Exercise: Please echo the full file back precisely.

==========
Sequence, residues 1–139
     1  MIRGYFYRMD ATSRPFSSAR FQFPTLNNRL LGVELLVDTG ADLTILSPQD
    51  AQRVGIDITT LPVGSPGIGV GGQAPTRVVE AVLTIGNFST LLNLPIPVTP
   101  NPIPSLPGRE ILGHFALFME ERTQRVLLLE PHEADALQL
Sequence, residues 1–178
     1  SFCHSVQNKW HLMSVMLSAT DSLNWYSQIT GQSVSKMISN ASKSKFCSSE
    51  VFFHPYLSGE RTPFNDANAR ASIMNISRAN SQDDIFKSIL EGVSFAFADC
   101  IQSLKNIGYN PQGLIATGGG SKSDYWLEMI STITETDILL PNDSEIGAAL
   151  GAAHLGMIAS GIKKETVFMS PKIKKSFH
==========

Sequence, residues 1–139
     1  MIRGYFYRMD ATSRPFSSAR FQFPTLNNRL LGVELLVDTG ADLTILSPQD
    51  AQRVGIDITT LPVGSPGIGV GGQAPTRVVE AVLTIGNFST LLNLPIPVTP
   101  NPIPSLPGRE ILGHFALFME ERTQRVLLLE PHEADALQL
Sequence, residues 1–178
     1  SFCHSVQNKW HLMSVMLSAT DSLNWYSQIT GQSVSKMISN ASKSKFCSSE
    51  VFFHPYLSGE RTPFNDANAR ASIMNISRAN SQDDIFKSIL EGVSFAFADC
   101  IQSLKNIGYN PQGLIATGGG SKSDYWLEMI STITETDILL PNDSEIGAAL
   151  GAAHLGMIAS GIKKETVFMS PKIKKSFH